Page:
After Wisdom Tooth Removal
Dear Patients and Care-givers,
We want your recovery from oral surgery to be as comfortable and rapid as possible. That is why we have provided this step-by-step guide to help you care for yourself after surgery. We urge you to follow it carefully. Having teeth removed is a significant surgical procedure that affects your whole body. It will take your body several days to recover. Following these procedures can help you to reduce your discomfort and promote more rapid, uncomplicated healing. We appreciate the trust you have placed in us by selecting us to perform your surgery. Because we are committed to providing you with the best care possible, we welcome your comments and questions about any aspect of your treatment. If at any time, you feel that something you are experiencing is not normal, or you have questions, please feel free to contact our office.
Dr. Craig Neal
Dr. Galia Leonard
Dr. Kyle Sorensen
Day 1: The first 24 hours
On your way home
- Have you filled your pain medication prescription? If not, do so now. Wait to take the medication until you have completed steps 2-6.
When you first arrive home
- Keep firm, continuous pressure on the gauze to help slow bleeding. Be aware you will bleed throughout the day; this is normal. Change the gauze every hour until the bleeding stops. There is no bleeding that pressure on the gauze will not stop. You may notice some oozing after the gauze is removed and a pinkish tinge to your saliva, this is normal. For additional information, see the commonly asked questions below.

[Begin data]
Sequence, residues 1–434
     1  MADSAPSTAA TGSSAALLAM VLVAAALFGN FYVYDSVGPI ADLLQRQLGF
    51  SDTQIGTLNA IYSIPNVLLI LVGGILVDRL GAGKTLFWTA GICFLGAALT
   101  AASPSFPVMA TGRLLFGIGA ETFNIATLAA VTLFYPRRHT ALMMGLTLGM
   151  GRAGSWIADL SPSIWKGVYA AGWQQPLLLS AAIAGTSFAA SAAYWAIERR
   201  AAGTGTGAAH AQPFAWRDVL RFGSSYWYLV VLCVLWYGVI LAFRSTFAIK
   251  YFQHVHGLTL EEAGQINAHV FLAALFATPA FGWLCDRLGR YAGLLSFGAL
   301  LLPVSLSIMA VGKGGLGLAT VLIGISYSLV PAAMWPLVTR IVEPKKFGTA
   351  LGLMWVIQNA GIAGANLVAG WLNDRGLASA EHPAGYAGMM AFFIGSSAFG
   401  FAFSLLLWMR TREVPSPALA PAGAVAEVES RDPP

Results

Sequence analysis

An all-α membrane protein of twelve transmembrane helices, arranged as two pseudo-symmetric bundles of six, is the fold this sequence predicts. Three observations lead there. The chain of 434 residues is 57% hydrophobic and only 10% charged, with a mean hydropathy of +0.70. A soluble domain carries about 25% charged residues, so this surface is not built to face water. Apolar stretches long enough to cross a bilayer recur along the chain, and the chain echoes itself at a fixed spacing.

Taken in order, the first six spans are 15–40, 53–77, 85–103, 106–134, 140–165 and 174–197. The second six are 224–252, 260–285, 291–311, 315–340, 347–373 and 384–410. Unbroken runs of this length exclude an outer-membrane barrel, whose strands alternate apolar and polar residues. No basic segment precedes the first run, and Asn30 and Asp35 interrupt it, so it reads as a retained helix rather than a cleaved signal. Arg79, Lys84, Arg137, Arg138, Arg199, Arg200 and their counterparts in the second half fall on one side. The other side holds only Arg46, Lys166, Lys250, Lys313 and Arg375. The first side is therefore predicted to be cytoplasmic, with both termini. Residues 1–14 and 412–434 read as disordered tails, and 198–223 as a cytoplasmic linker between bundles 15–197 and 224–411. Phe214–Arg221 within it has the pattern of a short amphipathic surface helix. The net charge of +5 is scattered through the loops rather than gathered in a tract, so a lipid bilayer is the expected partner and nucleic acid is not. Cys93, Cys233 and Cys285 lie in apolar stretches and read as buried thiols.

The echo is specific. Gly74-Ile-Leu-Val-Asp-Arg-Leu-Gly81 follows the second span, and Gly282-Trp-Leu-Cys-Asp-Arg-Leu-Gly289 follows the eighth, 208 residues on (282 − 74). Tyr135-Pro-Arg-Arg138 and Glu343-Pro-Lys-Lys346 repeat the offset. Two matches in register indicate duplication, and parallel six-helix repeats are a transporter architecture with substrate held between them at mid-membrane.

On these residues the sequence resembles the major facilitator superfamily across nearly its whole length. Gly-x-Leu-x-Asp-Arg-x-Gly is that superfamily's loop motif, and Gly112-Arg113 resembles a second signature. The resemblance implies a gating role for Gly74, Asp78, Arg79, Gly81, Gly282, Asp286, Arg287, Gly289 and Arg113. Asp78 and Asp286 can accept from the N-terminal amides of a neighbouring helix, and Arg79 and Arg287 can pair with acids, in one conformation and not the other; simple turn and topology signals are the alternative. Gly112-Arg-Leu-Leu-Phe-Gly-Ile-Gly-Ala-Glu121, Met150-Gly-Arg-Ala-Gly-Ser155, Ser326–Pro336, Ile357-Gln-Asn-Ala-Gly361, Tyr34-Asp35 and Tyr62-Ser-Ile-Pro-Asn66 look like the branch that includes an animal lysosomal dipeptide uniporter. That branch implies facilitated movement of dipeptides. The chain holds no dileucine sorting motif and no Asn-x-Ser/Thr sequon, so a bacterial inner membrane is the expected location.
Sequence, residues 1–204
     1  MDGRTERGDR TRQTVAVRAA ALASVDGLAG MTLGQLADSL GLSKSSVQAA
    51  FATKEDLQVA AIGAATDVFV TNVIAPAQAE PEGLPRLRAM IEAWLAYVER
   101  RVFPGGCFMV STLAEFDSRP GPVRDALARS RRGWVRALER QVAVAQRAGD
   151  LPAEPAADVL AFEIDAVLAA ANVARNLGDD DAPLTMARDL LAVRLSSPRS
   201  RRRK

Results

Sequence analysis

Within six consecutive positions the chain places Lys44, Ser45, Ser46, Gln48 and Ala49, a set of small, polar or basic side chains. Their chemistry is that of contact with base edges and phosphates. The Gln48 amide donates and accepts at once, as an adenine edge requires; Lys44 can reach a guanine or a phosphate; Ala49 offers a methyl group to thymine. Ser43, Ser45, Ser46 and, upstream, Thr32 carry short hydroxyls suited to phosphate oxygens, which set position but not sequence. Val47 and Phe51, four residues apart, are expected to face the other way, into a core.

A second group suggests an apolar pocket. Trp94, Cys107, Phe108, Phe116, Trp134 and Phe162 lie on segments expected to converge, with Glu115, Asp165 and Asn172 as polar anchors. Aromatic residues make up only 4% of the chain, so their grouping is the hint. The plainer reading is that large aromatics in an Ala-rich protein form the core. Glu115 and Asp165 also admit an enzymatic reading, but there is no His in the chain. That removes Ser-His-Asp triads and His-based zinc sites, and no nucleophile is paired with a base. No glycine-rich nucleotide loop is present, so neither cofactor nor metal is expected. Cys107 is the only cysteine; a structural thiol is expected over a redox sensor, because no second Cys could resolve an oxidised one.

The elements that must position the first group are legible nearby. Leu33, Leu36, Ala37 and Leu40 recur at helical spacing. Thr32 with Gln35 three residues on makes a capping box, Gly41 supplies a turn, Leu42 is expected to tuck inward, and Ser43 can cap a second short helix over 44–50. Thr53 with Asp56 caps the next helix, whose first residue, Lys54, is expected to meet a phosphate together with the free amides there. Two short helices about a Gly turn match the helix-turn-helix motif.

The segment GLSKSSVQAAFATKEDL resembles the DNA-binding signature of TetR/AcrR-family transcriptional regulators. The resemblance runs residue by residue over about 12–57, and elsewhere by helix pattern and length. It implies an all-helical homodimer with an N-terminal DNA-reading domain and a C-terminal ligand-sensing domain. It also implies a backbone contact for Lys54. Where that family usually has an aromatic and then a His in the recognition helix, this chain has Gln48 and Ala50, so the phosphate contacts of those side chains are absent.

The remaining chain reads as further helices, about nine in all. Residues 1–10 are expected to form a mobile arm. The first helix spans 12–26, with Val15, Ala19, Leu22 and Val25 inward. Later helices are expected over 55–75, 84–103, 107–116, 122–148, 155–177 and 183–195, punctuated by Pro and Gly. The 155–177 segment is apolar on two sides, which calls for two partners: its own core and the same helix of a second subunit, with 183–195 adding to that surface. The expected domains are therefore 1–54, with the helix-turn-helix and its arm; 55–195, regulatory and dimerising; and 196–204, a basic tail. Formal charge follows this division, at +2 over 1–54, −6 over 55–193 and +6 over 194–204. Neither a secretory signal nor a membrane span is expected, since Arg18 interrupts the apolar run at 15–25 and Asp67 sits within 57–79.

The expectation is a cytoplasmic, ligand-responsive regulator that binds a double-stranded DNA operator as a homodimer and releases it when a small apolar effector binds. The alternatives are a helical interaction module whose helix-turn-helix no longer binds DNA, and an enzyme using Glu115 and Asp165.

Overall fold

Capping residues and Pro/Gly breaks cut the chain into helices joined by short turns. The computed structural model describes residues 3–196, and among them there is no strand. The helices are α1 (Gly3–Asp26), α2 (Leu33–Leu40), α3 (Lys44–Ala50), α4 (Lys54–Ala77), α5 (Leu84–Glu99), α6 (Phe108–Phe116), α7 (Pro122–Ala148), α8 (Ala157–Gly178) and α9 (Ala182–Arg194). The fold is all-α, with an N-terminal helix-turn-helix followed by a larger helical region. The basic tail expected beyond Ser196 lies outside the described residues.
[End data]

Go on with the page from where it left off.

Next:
- Rest with your head elevated, as you would in a recliner. Expect to sleep for most of the day.
- Apply ice packs to your face over the surgical area to reduce swelling. Begin ice during the first hour and continue for 24 hours. Follow a schedule of 15 minutes on and then 15 minutes off. The ice is most effective in reducing swelling during the first 24-36 hours, although the swelling may continue for several more days.
In the first few hours after surgery
- Drink a carbonated beverage to help settle your stomach. Do not use a straw. A straw creates suction which could break down the blood clot at the surgical site, prolonging bleeding and delaying healing. Smoking causes a similar problem. Please do not smoke.
- Drink a cold milk product about 30 minutes after the carbonated beverage. We recommend a milk shake. This helps minimize the nausea that pain medication can sometimes cause. If you’re allergic to milk products, or you’re lactose intolerant, you can try fruit juice or soup.
- Take the first dose of pain medication as directed on the label after you drink the milk product recommended above. Continue to take your medication as prescribed throughout the day. Report any adverse reactions to drugs, such as rashes, itchiness, or difficulty breathing by calling us immediately.
- Drink fluids frequently. Wake younger children every hour to have them drink fluids. This will minimize nausea and promote good hydration.